11. Do you constantly refresh your social media feed? Are you checking your notifications more often than you’d like to admit? In today’s Psych Central Podcast, Gabe and psychologist Robert Duff have an enlightening discussion on how the information age has affected our mental health — but only if we let it. Dr. Duff explains how the overuse of social media is often driven by a fear of missing out and even a false sense of productivity. So how can we work with the modern world rather than be controlled by it? Join us to hear specific tips on how to make social media the servant, not the master, of your reality. SUBSCRIBE & REVIEW Guest information for ‘Robert Duff- Social Media Anxiety’ Podcast Episode Robert Duff is a licensed clinical psychologist from Southern California. He is the author of the popular Hardcore Self Help book series and his most recent book, Does My Mom Have Dementia?. He also hosts a weekly podcast where he answers listener mental health questions and interviews interesting guests. When he’s not working as a neuropsychologist in private practice or creating content for his “Duff the Psych” persona, Robert can usually be found sharing a few glasses of wine with his wife or playing video games. About The Psych Central Podcast Host Gabe Howard is an award-winning writer and speaker who lives with bipolar disorder. He is the author of the popular book, Mental Illness is an Asshole and other Observations, available from Amazon; signed copies are also available directly from the author. To learn more about Gabe, please visit his website, gabehoward.com. Computer Generated Transcript for ‘Robert Duff- Social Media Anxiety’ Episode Editor’s Note: Please be mindful that this transcript has been computer generated and therefore may contain inaccuracies and grammar errors. Thank you. Announcer: You’re listening to the Psych Central Podcast, where guest experts in the field of psychology and mental health share thought-provoking information using plain, everyday language. Here’s your host, Gabe Howard. Gabe Howard: Welcome to this week’s episode of The Psych Central Podcast. Calling into the show today, we have Dr. Robert Duff. Robert is a licensed clinical psychologist and is the author of the popular Hardcore Self Help book series. He’s also a fellow podcast, hosting the Hard Core Self Help Podcast, a weekly show where he answers listeners’ mental health questions and interviews interesting guests. Dr. Duff, welcome to the show. Dr. Robert Duff: Thank you so much for having me. Gabe Howard: Today, we’re going to discuss anxiety and the modern age and more specifically, how things like technology and social media impact our anxiety and stress levels. I think that most people don’t realize that our modern world is causing us stress in other ways than just work, relationships and children. Dr. Robert Duff: Yeah, I think at the very least, it’s different. I wouldn’t say better or worse, but certainly the Internet and definitely social media, I think, are kind of some of the biggest changes to society and the way that we interact since the industrial revolution or the printing press or something like that. So absolutely, it’s different. Gabe Howard: It seems like if you read back through history, every new thing was going to be the end of the world. And I remember reading about the printing press and how the printing press was going to destroy the world as we know it. And it was fascinating to read because, of course, we all love the printing press. We think that the printing press is one of the greatest revolutions in the world. And yet at the time, it was very much maligned as being a bad thing. Which leads me to my question. Is that this. Are people just saying, oh, no, social media and technology is the downfall of the world and it’s sort of, you know, the sky is falling syndrome. Dr. Robert Duff: I think that people can fall on either side of it. Sometimes people think that it’s a very, very, very negative thing. For me, I’m like, well, it doesn’t matter either way, it is what it is. And it’s sort of growing up in this period of time. I think that one of our major, for lack of a better term, developmental tasks is to figure out how to manage all this stuff, because there’s just a lot. The jump up from the printing press gives you access to information that you never had before. And this is that like times a gazillion. So there’s just a lot in knowing what to do with that, how to manage that. I think it’s a really, really, really important thing. Gabe Howard: Social media is just the, it gets blamed for everything, it seems nowadays. What role does social media play in anxiety in 2020? Dr. Robert Duff: There’s good and bad and neutral, you know, it is what it is. I think that one of the good things about it is that you have unprecedented access to connecting with people and finding resources. If you’re to go on Twitter say, and say, hey, I’m having extreme anxiety. Can somebody help me out? And a bunch of people are going to come and they’re going to send you resources. That’s how a lot of people find my books and stuff like that, for instance. So there’s, it’s a great way to connect with people. It’s a great way to find resources. It also, though, feeds into sort of the compulsive nature of anxiety. Anxiety, you tend to get this sense of unease like you want to know the answer. Whether that’s is the situation dangerous or what’s going on in the world or how does this person feel about me? You really, really, really want to know the answer to that. And social media gives you a way to either get those answers or at least fulfill some of that compulsive desire to do that. So, when you want to know what’s going on in the world, all you have to do is refresh your social feed. And you see the news there these days. A lot of people, myself included, don’t even turn on the TV or go to CNN.com when we want to get news. Dr. Robert Duff: I just go to Twitter and see what’s trending. And that’s going to help me understand in the immediate right now sense what’s going on, which is a good thing and a bad thing. I always tell people your knowledge of what’s happening in this moment, especially if it’s something like a natural disaster, a shooting, a political event, things like that. Your knowledge of it does not change the fact that it’s happening at all. But there’s this, with how much information is available, there’s just this weird guilt that sort of sets in where if you don’t know what’s happening in that exact moment, you feel bad about that or disconnected somehow. And so, you know, by refreshing your feed, by checking those things, it relieves some of that. They release some of that tension, which is going to lead you to do that more and more and more. So it can become a thing that’s just so absent minded. You’re constantly either checking notifications, which is a whole different story, or just refreshing social feeds, trying to see what’s going on. And that can certainly play into anxiety, especially if it’s an issue that you already have. Gabe Howard: It’s fascinating that you talked about refreshing the social feed to learn what’s going on, to release anxiety on one hand. I completely agree with you. I have done it. I have sat there on my phone when something a big event has happened. And I’ve just hit refresh, refresh, refresh, you know, going through like four different Web sites going on, like you said, Twitter or Facebook to see what other people are saying or what other people are posting. And in that moment, I feel less anxious because after all, I’m up to date. Dr. Robert Duff: Right. Right. Gabe Howard: But then again, I’m completely enmeshed in it. Dr. Robert Duff: Right. Gabe Howard: I’m not doing anything else. I’m not focused on anything else. I’m letting other things like work, family, friendships, joy go, because I’m just, I’m so engrossed in this story. And then I often learn, whether it be days, weeks or months later that some of the information I got was just false. There’s so much pressure to have the scoop that people say the police questioned Gabe Howard. He’s a suspect. And in the meantime, Gabe Howard was the Jimmy John’s delivery guy. And now the whole world believes that the poor Jimmy John’s delivery guy is involved. Which I imagine creates even more anxiety. Dr. Robert Duff: Yeah. Gabe Howard: How does that all flow together? Dr. Robert Duff: The other thing to think about with this is how it doesn’t allow you to turn off with anxiety. A lot of people. Their brain is already going to be searching for signs of danger. Answers to things. It’s going to be sort of always on. And it’s an active effort to try to get that to slow down, to rest, to recuperate. Sustained anxiety over time is really exhausting. And then you integrate something like this where you’re getting the immediate information that’s constantly changing. So you have to keep up with it. I can recall just recently, somewhat recently, I live in the area of California that has all the wildfires, these really big fires that have happened. And one of them that was closest to us happened while my wife was asleep. But I was still awake and I had to really make the choice of, OK, do I wake her up and let her know what’s happening? Just because she needs to know with the knowledge that that’s going to keep her up all night because she’s going to be doing that refresh and continuing Gabe Howard: Right. Dr. Robert Duff: To look, continuing to get that. Or do I wait till there’s a need to know part of the information? Because really, for all practical purposes, it wasn’t affecting us yet at that point and the information was only going to be more solid later on. But you really, really, really, really want to know. And the anxiety is going to fuel that because it’s going to say, hey, I’m trying to keep you safe. The best thing you can do here is gather all this information, try to figure out every aspect of it, and then also avoid things that would actually make a difference or maybe make you involved somehow. So it definitely plays into it. But at the very least, I think we need to pay attention to how it affects us. And one of my biggest sort of takeaways for people is that you need to start building some self awareness about how social media plays out for you, for different people, it’s going to have a different level of impact. For me, it may not be quite as big as somebody like. Like I said, my wife, she’s somebody that openly struggles with anxiety. It has a big effect on her. And so knowing when to invite that in, when to not invite that in, I think that’s a skill that we all sort of need to build at this point. Gabe Howard: I’m thinking of my own social media use, and I got sucked in by everything, I had the notifications on, so when something happened, there was a ding. I had the emails that came in. And this is the thing that I’m most ashamed of. I wanted to earn all of the badges. Social media does a really good job of telling you that you’re a top poster, you’re a top fan. You’ve made one Dr. Robert Duff: Verified. Gabe Howard: Update a day every day for 100 days or. Yeah. Verified is a big one. I wanted to earn, and I’m using that word earn. I wanted to earn them all. But I’ve since learned, as comes with, you know, maturity and age and better understanding that I wasn’t earning anything. It was a false reward. I think many people are stuck in this trap where they think they’re accomplishing something. But in reality, you’re not accomplishing anything. Dr. Robert Duff: Yeah, definitely. And the checking nature of social media with anxiety, you’re taking away that unease of not knowing what’s going on. But then on top of that, there’s also positive reinforcement. You’re getting hearts. You’re getting likes. You’re getting badges, you’re getting these things. And they are just quick little hits of essentially dopamine that are reinforcing you for that behavior. And it’s built that way. That’s why Facebook is such a huge monster that can charge so much for ads and make so much money because everything is just built on that. It’s like Vegas. You know, you have this positive reinforcement. You have the light, you have the ding, you have the money payout. You have all these things that kind of keep you going and keep you going. And so I think that’s definitely important to recognize that it’s designed to make you compulsive. That doesn’t mean it’s a terrible thing in and of itself. But just like when you walk into a store, you see all the ads and promotions and things like that, you’ve got to at least know that they’re trying to sell you and that’s going to at least help you take things with a grain of salt. Gabe Howard: I do think that people understand that the stores, the televisions are trying to sell you. Do you think that people understand that Facebook and other social media sites are trying to sell you? Do you think that people understand that they are are consumer of these products? And do you think that that understanding or lack of understanding contributes to anxiety? Dr. Robert Duff: That’s an interesting question. I think that one thing that Facebook and the social media platforms do really well as they get to know you, you give them permission to give them a lot of your information. And so things start to become very tailored to you. You know, you hear the stories about, oh, I was talking over dinner about getting a new vacuum. Suddenly I see ads for new vacuums. So, I mean, I think that people do know that they’re being sold to. However, it is worked in a very sort of contextual way where sometimes you don’t even notice it. But I have kind of mixed feelings about, I’m getting a little bit off topic with this. But the idea of sort of your social media feed becoming a bit of a bubble, that’s very tailored toward you. It depends on what you’re using it for. But for some people, maybe social media plays a great role in broadening your perspective for other people. I think there’s nothing necessarily wrong with controlling what you see there for ads or for different types of posts. You can block. You can say, I don’t want to see this type of content. You can sort of curate your social media feed to be something that works for you instead of against you. Somebody who has, say, depression. They might want to intentionally remove some of the things that are maybe a little bit more pessimistic. They may want to bring in things that are a lot more that’s sort of positive content. That’s going to help them at least have a tiny boost throughout their day that will inspire them. And I don’t think that there’s necessarily anything wrong with that. I think a lot of people feel like there is. So they feel like, oh, well, I can’t just, like, make myself in my own little bubble because then I’m not seeing what’s going on on the other side. It’s a tool. It’s a tool that you can use however you want to. But it’s something that you do have some degree of control over. Gabe Howard: I know that you talk a lot about fake productivity or false productivity. It’s this idea where you think you’re accomplishing something but you’re not. Can you explain what fake productivity is? Dr. Robert Duff: So for me, the way that I see this the most is with not necessarily social media, but like apps. There are gazillions of apps out there and they’re all trying to be the perfect tool for this thing, whether it’s a to do list or a calendar app or tracking your period or exercise, whatever it is. There’s a million options for each of those things. And one thing that a lot of people do is fall down this rabbit hole of searching for the perfect tool. Oh, this one doesn’t have this feature. OK. Let’s keep looking. OK. This one has a lot of great features, but not quite. This one was too expensive. And you keep going. Keep going, keep going. Keep going. And at the end of the day, whatever the tool is supposed to help you with, you did nothing related to that thing. You don’t have your to do list made. Your calendar isn’t updated. So you kind of spent a bunch of time going down this rabbit hole of trying to be sold on the perfect tool and didn’t actually do anything with it. And for people who have anxiety. So with anxiety, the thing I would say is that avoidance is the fuel of anxiety. Anxiety tells you to avoid something so that it can keep you safe. And then when you do avoid that thing, it gets bigger and more present. So you avoid more and more and more and then suddenly you’re having a really hard time. And I think that one sort of insidious thing that can happen is that we turn this search for the perfect tool into a form of avoidance. If you’re just planning and looking for the right thing and doing all this top level stuff, you don’t actually have to take action because action is scary. And so you can use that as a form of avoidance and just kind of keep doing this over and over again. Gabe Howard: But you’re not actually achieving anything. And at some point you realize this. It really does seem like this self-fulfilling prophecy. I’m anxious because I’m productive. Now I’m anxious because I’m realizing I’m not productive. But I can be productive by doing what is effectively nothing. But if I don’t do it, I become anxious. But if I do do it, I become anxious. I just I’m having, like, a really hard time getting out of the feedback loop of what do I do so that I am productive, well-informed. And I don’t have this sudden fear that I don’t fit into society and that I’m just one of these curmudgeonly people on my porch saying social media is going to kill us all. This whole conversation is making me anxious because I honestly don’t know what to do. Dr. Robert Duff: Yeah, I mean, that’s anxiety itself, though, right? Whether it’s social media or anything else, I think that the thing that the Internet does and social media does is provide like a big sort of magnifying glass or megaphone for those things that are already tendencies you have. The answer is really trying to build self-awareness of your patterns. Right. And especially understanding the way that your patterns interact with these new tools that are available. The best way I think to do that is talking with people, trusted loved ones, your therapist, whoever. Also journaling. That’s like a form of self therapy and sort of self monitoring. OK. Write down at the end of the day, what did I do today and how did it affect me? I spent six hours diving down this rabbit hole of trying to find the perfect tools and all my apps are set up pretty and all these things, but I haven’t done anything. And now I feel bad about that. And I feel anxious that I wasted time and I have less time tomorrow to do all these things, write those things out so you can at least understand your patterns and use that information to adjust your approach. I’m a big fan of using both online and offline things open in front of my face right now. I have an Evernote document with some notes from when you asked me questions beforehand for this interview, I’ll also have my Google Keep, which has like my whole to do list. But I’ve also got a stupid little index card in front of me. If I think of something and I don’t have time to get to the to do list, I’m just going to write it down there. Gabe Howard: We’ll be right back after these messages. Sponsor Message: This episode is sponsored by BetterHelp.com. Secure, convenient, and affordable online counseling. Our counselors are licensed, accredited professionals. Anything you share is confidential. Schedule secure video or phone sessions, plus chat and text with your therapist whenever you feel it’s needed. A month of online therapy often costs less than a single traditional face to face session. Go to BetterHelp.com/PsychCentral and experience seven days of free therapy to see if online counseling is right for you. BetterHelp.com/PsychCentral. Gabe Howard: And we’re back discussing anxiety in the digital age with Dr. Robert Duff. I certainly don’t think that the solution here is to cancel all of your social media, never read the news, never get on email, never prepare. Like you talked about the extremes. How does one make sure that they’re staying in the middle? Because I imagine that that moderation, that middle, that average is where the least amount of anxiety comes in. Dr. Robert Duff: Yeah, I think a lot of it is about sort of setting limits for yourself and having some boundaries with yourself at this point. I think it’s really unrealistic to tell people to say, OK, you’re only allowed to do these actions at this time, like you’re only allowed to engage with social media at this time. That’s kind of pushing against a really strong beast, unless social media isn’t even a big thing for you. There’s plenty people out there with like, oh, well, I don’t have a Facebook it’s not a big deal, but insert whatever it is, checking email, checking the news, what have you. It’s easier, though, to block out times that are sacred, times that you’re not doing that. Actively disconnecting from the world. And I think that’s really important in terms of like especially things like sleep, being able to sleep and turn off for the night. Massively important when you’re dealing with mental health issues, both in terms of memory and learning the skills that you’re trying to work on and build and just giving enough energy to get back out there and fight a little bit of the uphill battle that you’ve been fighting. So I’m a big fan of sort of book ending the day is what I call it. So the beginning of the day, first half hour or so, last hour of the day, disconnecting from the world, putting the phone away. And I really am a big fan of not even having your phone in the bedroom because so many people, last thing they see before they close their eyes is their phone, email or social media feed. Dr. Robert Duff: Then they close their eyes. If they wake up in the middle of the night, drink water, they’re going to be checking their social media feed again or their email. They wake up in the morning. What’s the first thing they see? They pull that out again. And really, I think that there are very, very, very few instances where that’s going to be a great thing. It could be neutral. It could not affect you very much. And there’s a pretty significant chance that it’s going to derail you. If you’re gonna see something that pisses you off, something that scares you, something that you forgot about for work or whatever, you know, the last thing you need is to wake up in the middle of the night and see a work email. OK, bye bye sleep. So I’m a big fan of in the morning, kind of taking some time before you even pull out your phone. Make yourself some coffee. Take a few deep breaths. Write some thoughts down if you have them. Do whatever you want to do with that and then pull that out. And at the end of the night, focus inward, do some journaling. Like I said, you can do some stretching or foam rolling or deep breathing or just enjoy an off line activity like we used to do in the olden days and try to come down a little bit and disconnect from the world so that you can drift off into restorative sleep, not having your brain running a million miles per hour. Gabe Howard: When I am in a hotel, when I travel, I keep my phone next to me because it’s my alarm clock and every single time I get up to go to the bathroom, because that phone is sitting next to my bed, I check it. Now, fortunately, 90% of the time, there’s nothing on there. But 10% of the time there’s something, there’s something. And I’m up the rest of the night. And I think that people need to realize this. Now, what do you say to the people who are going to immediately fire back, well, I have to. I have to keep the phone next to my bed because I have teenage children who are out or my spouse works nights and might need to call. I am the emergency contact for my mother or of course, my personal favorite, it’s my alarm clock and there’s just no way around that. Dr. Robert Duff: Yeah, those are all very anxious responses, right? You know, oh, my God, what if this what if that. There are ways around that. They still make alarm clocks. Gabe Howard: Yeah. Dr. Robert Duff: I have one. It’s really annoying. I have to put it on the other side of the room. So actually physically get up and walk over there. Otherwise, I’ll just turn over and hit it with my hand. So, you know. Gabe Howard: We may be soulmates. I’ve just, yes, I do the exact same thing. Dr. Robert Duff: I’ve always had to because my brain will create a scenario where there’s like a nuclear launch happening and I have to hit this button to stop it. And that’s the alarm clock. And so my brain will troll me and it just won’t work. So I have to actually physically get up. But, yeah, they make real alarm clocks, you know, and then in terms of the other concerns about what if there’s an emergency, et cetera, there’s a variety of ways around that. There are things like maybe you have your Apple Watch in the room if you have Apple products, but not your phone. Or you keep it outside the room, but you keep it on do not disturb and you can sort of have your specifications. So if somebody calls you, it’ll ring loudly. I mean, that’s outside the room, but you’ll still be able to hear it. There’s a variety of ways to do it. If you have teenage kids that are out for the night, maybe that’s the night you make an exception and you try to be responsible with it. As responsible as you can, not keep it right next to the bed. But that’s your kind of exception for the week and the rest of the week, you’re not going to have it in there. So you could do a lot with it. And those are usually just sort of knee-jerk reactions. I get that sort of knee-jerk reaction from people a lot, too, when I’m talking about setting limits on social media, even taking breaks from social media, things like this, they say, well, it’s my job. I need to be on it. There’s definitely usually a little more wiggle room than you think there as well. Gabe Howard: I really feel like this all does boil down to making healthy choices and sticking to them and I really think this is a good analogy that people who say that they don’t have time to exercise and the people that say that they have to be on social media. But, of course, one of the things that you can do to exercise is park at the back of the parking lot and walk forward. You can take the steps instead of the elevator so you can turn off social media during dinner. Dr. Robert Duff: Right. Gabe Howard: Do you believe that finding those tiny little things? Because in the grand scheme, those are small things. But it sounds like you’re saying those will pay big dividends when it comes to lessening our anxiety. Dr. Robert Duff: I feel like just exercising control over it is a good practice, right? Intentionally putting it away sometimes, intentionally having it out sometimes. If you’re feeling that discomfort, much like if you walk out the door and you realize your phone Psych in your pocket, you get this sense of discomfort these days like, oh, God, something’s wrong. A lot of people feel that way. If they’re not able to immediately check their phone at dinner and they’re feeling a buzz in their pocket or whatever you have, that that sense of discomfort. So learning how to sort of modulate that and do it intentionally, you know, I’m going to put my phone away or I’m going to log off or not check these things for this period of time, at least gives you the flexibility to say, OK, sometimes I’m on, sometimes I’m off. And that’s a practice I think, that people need to need to do. You know, we have all these coping skills, mindfulness, you know, all these different things that that we use in the mental health field. I think that this is just simply another one of those things, sort of like technological flexibility or something. The ability to just decide when you’re on and when you’re off. And that’s a hard thing to do when the structure is designed to make you on all the time. But you need to wrest some control back from that. Otherwise you’re gonna be worn out. Gabe Howard: I hear a lot of what you’re saying, and I completely agree with it, and I know that making more intentional decisions about our social media and about our use of technology will make us feel better. But do you think that there is a role in that when we’re staring at our phones? There’s often people in the room and those people are our friends, our families, our loved ones. And they maybe don’t feel so good about it. And they’re probably giving us pushback, whether straight up, put your phone down or passive aggressive, well, I’m not going to tell you. You care more about your phone or whatever. Do you think that keeping them happy also lowers your anxiety? And I know keeping them happy is kind of a weird way to say it, but in the beginning, I got a lot of negative pushback from my friends and family, which also made me more anxious. And when I got better control over my phone and social media use, a lot of that went away. Which, of course, made me less anxious. Dr. Robert Duff: Yeah, I think so. I mean, and also you’re making the assumption that the other person isn’t also on their phone. Gabe Howard: Sure. Dr. Robert Duff: And then suddenly you are just both disconnected, sort of doing parallel life next to each other. Communication is something that is still really important, you know, and you could be communicating with people online. I think that’s valid. But you also need to communicate with people in person. And when couples are having trouble in my clinical practice, a lot of things sometimes I ask, do you guys eat dinner together? Like, do you sit across each other and eat dinner? And often the answer is no. We sit side by side or on our phones, whatever the case may be. And it’s like, OK, well, then you’re robbing yourself of the chance to practice communicating with one another and getting that support from one another. And yeah, I think that definitely accessing the supports that you have and then treating them well is it’s really important. That it’s a whole piece of the puzzle, along with all the other things you might do to help relieve your anxiety. So I definitely agree with you there. Gabe Howard: I could talk to you about this all day because people seem to be more anxious than ever, people seem to be more disconnected than ever at a time that we should be more connected than ever. But the specific question that I want to ask you really involves a story with my grandfather. One morning, my grandfather comes downstairs, he is staying at my house, and he sees my wife and I sitting at the breakfast table and we’re both on our phones and and he says, oh, this is the problem with your generation. You’re staring at your phones. You’re not talking to one another. You know, in my day, we didn’t have this. We actually talked to each other. And for the rest of that day, I felt a little bad. I was like, oh, my God, this is my wife. I love her. And he’s right. I’m ignoring her. And then the next morning, I come downstairs and my grandmother and grandfather are sitting at the table and my grandfather’s reading the paper. Dr. Robert Duff: Yep. Gabe Howard: Yeah. And my grandmother is doing the crossword puzzle, completely ignoring each other. Dr. Robert Duff: Yeah, yeah. Gabe Howard: And I said, oh, this is the problem with your generation, completely ignoring each other for newsprint. It seems like it’s very much the same thing. We’ve seen couples sit at the breakfast table ignoring each other since the beginning of time, but it does seem like technology is way more intrusive than the morning newspaper routine. Can you talk about that for moment? Because again, I think it’s one of those excuses. Oh, I’m on my phone, but my grandfather was on his newspaper. Dr. Robert Duff: Yeah, people have always found ways to sort of disconnect and go into their own world, and I don’t want to place a value judgment on any of this. If they’re happy. These things are only a problem when they’re a problem. Right? If you’re realizing that these things are creating a sense of disconnection in your relationship or creating a sense of anxiety or messing with your sleep, that’s what you need to do something about it. If not, and if you’re satisfied and happy, that’s fine. You know, certainly there are times where what my wife wants to do is sit next to me and be on her phone, not talk to me, because she wants me my presence. But she’s super introverted and just doesn’t want to people right then, you know? Gabe Howard: I like that. Dr. Robert Duff: And that’s OK. That’s OK. But when it crosses into interfering with things, that’s, I think, where you need to pay attention. And so this is just the next platform for that and things that you need to consider related to this platform. I do think that the intensity is higher. Right? You’re right. There’s a big difference between having a book or a crossword or newspaper, then having this endless stream of information. And the default is to have all these notifications on, which I don’t think you should have. Where it is just constantly pulling your attention out of the present moment. And I think that in addition to the relationship part, the sort of regular life part, I think that we need to reclaim our ability to do deep work and focus on something without being distracted by all these other things. And so that’s another part where I think that training, that skill of being a turn on and off really matters when you’re having a conversation with someone or when you’re writing a paper or when you’re working on some sort of brainstorming project, you should be able to start that and put the work in without having to be pulled away constantly by these other things. If you can’t do that and it’s kind of messing with your productivity or your relationship, that’s where you need to maybe take a close look at how these things are affecting you and what you can do about that. Gabe Howard: Robert, thank you so very much. How do people find you, what’s your Web site? Where can they get your podcast? Where are your books? Let our listeners know exactly how to track you down. Dr. Robert Duff: Sure. So my sort of online persona is it’s called Duff the Psych. So if, a good place to start is DuffthePsych.com/StartHere. That has sort of like my greatest hits. So it has, you know, information about my books, which are called The Hardcore Self Help books. I’ve one about anxiety, one about depression. It has some of my most popular podcast episodes, A TED talk that I did. All sorts of things like that. That’s sort of like a great starting place. And then if you want to reach out to me or connect on social media, I’m on basically all platforms @DuffthePsych. Gabe Howard: Robert, thank you so much again for being here. Dr. Robert Duff: Totally my pleasure. Thank you. Gabe Howard: And listen up, listeners, here’s what I need you to do. Wherever you found this podcast, please subscribe and review it and use your words. Tell people why you like us. Share us on social media. And if you are a fan of social media, we have a super secret Facebook group that you can join. Just go to PsychCentral.com/FBShow. And remember, you can get one week of free, convenient, affordable, private online counseling anytime, anywhere, simply by visiting BetterHelp.com/PsychCentral. We’ll see everybody next week. Announcer: You’ve been listening to The Psych Central Podcast. Want your audience to be wowed at your next event? Feature an appearance and LIVE RECORDING of the Psych Central Podcast right from your stage! For more details, or to book an event, please email us at show@psychcentral.com. Previous episodes can be found at PsychCentral.com/Show or on your favorite podcast player. Psych Central is the internet’s oldest and largest independent mental health website run by mental health professionals. Overseen by Dr. John Grohol, Psych Central offers trusted resources and quizzes to help answer your questions about mental health, personality, psychotherapy, and more. Please visit us today at PsychCentral.com. To learn more about our host, Gabe Howard, please visit his website at gabehoward.com. Thank you for listening and please share with your friends, family, and followers. View the full article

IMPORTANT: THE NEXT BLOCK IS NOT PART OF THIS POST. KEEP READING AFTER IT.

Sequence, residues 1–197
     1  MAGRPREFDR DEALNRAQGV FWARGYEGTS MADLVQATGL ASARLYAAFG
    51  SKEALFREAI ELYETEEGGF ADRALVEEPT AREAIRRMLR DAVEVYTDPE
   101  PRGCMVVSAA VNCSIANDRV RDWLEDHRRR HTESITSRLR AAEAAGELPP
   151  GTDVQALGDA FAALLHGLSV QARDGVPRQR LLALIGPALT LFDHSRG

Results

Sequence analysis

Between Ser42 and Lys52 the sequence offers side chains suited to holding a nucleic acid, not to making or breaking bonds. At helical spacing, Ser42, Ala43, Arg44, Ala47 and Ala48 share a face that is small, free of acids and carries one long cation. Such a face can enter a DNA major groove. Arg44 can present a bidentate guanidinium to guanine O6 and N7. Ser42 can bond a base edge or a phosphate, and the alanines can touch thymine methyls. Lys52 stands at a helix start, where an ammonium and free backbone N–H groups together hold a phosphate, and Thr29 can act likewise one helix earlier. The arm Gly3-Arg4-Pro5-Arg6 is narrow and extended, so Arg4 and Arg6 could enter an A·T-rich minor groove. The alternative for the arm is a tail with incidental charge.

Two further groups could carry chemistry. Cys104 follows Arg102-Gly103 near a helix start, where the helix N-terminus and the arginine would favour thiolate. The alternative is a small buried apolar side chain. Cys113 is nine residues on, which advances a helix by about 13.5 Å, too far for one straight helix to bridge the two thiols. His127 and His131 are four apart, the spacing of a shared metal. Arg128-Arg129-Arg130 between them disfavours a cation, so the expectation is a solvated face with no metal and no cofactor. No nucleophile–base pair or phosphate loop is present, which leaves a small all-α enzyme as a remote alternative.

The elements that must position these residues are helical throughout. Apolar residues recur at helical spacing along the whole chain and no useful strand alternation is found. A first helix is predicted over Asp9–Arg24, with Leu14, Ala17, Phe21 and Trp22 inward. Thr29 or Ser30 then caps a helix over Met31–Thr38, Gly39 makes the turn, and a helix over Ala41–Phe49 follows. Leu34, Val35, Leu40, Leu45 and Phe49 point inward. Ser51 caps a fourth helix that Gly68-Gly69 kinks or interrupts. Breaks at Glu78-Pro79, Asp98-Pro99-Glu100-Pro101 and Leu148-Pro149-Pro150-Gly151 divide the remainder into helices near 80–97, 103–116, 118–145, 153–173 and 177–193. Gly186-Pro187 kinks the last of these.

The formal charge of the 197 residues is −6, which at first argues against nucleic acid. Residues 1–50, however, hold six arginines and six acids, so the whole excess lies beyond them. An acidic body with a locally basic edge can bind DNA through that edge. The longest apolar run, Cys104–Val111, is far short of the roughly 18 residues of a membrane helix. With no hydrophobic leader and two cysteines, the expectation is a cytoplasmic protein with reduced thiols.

12. At certain times, it might seem impossible to find a few moments of peace in your life. If you have a lot of responsibilities or worries, you may feel caught in a whirlwind of trying to get things done while trying to deal with problems or your own complex emotions. Other people impact your sense of peace, too, when they ask you to do more than you feel you can handle comfortably or when they cause additional issues. The good news is, no matter how difficult your external life is, you can add healing peace to each day. This won’t magically make everything okay, but it can help you deal with stress and protect your health. Where can you squeeze in these moments? It only takes a news report or controversial comment to see that problems today are very real. And these are important. Doing what you can when you can is one way to achieve peace about issues. Plan and make your efforts as meaningful as possible. The feeling of control over something can help minimize the stress that feeling helpless brings. And you can make a difference when changes need to be made. Recognize early when stress is beginning to overtake you. Ask for help with chores that can be delegated. Take a look at your calendar; use that and notes or lists to make sure you prioritize those things that have to be done, others that need to be done but can be rescheduled for a later time, and some that are just on your wish list. Prioritizing may help you find those tasks that you can let go completely. Don’t forget to make space for self-care. When new ideas, needs, opportunities, and requests for help come in, you can look at your calendar and see a true picture of your time. It’s always a good idea to delay an answer by saying something like, “Let me check my calendar and get back to you with a decision.” This also avoids the immediate pressure of having to make a quick decision. Saying “no” is a skill and does not usually come naturally. Develop it by practicing what you really want to say. If you are grieving or feeling ill, minimize the demands on your strength and seek support from professionals or peers. Support groups of all kinds can be found in local areas or online. Connecting with other people dealing with similar pain can give you immense strength. And you will find yourself feeling more in control as you return the favor by helping others or just letting them know you hear them and care. These may seem like small, unimportant things, but having moments of peace in your life everyday can help you live better and do more. Even a simple plant on your table can bring your thoughts to nature and give you a break from pressing matters. When you can, a swim, a shower, listening to music, or working on an art project can do the same thing and nurture your resiliency. Friends and family members need peace, too, so share what worked for you. You live in a complicated society, a global society, in which people interact with others who think and behave differently or who share your values but express them in different ways. Conflict increases stress. Make sure your day does not revolve around disagreements. You may be experiencing anxiety or stress about parenting, money, work, relationships, health. One stressor often impacts other areas, and situations can be acute, episodic, or chronic. Parents of young children are faced with a different kind of stress than parents of adult children. At all stages of life, however, working with those who are important in your life requires the cooperation of everyone involved. Don’t let stress go unaddressed. Your health and the wellbeing of those you care about are at risk if you do. It you need to make a major shift (job change, break up, relocation), find ways to make the adjustment easier, but first make sure you won’t be just exchanging one stress for another. Examine scenarios and address emotional issues that can clear the way for a healthy decision. If no beneficial change can be made and you cannot find workable solutions, consider accepting a situation. The measurable difference in stress may make it worthwhile for you to stop trying to change or “fix” it. Ask yourself if what you’re struggling against really is worth all the anger and frustration you feel. It may be. That is very different from other things that can be let go without much sacrifice. Only you can decide what is best for you and your family. Exploring these different strategies allows you to hold onto hope. View the full article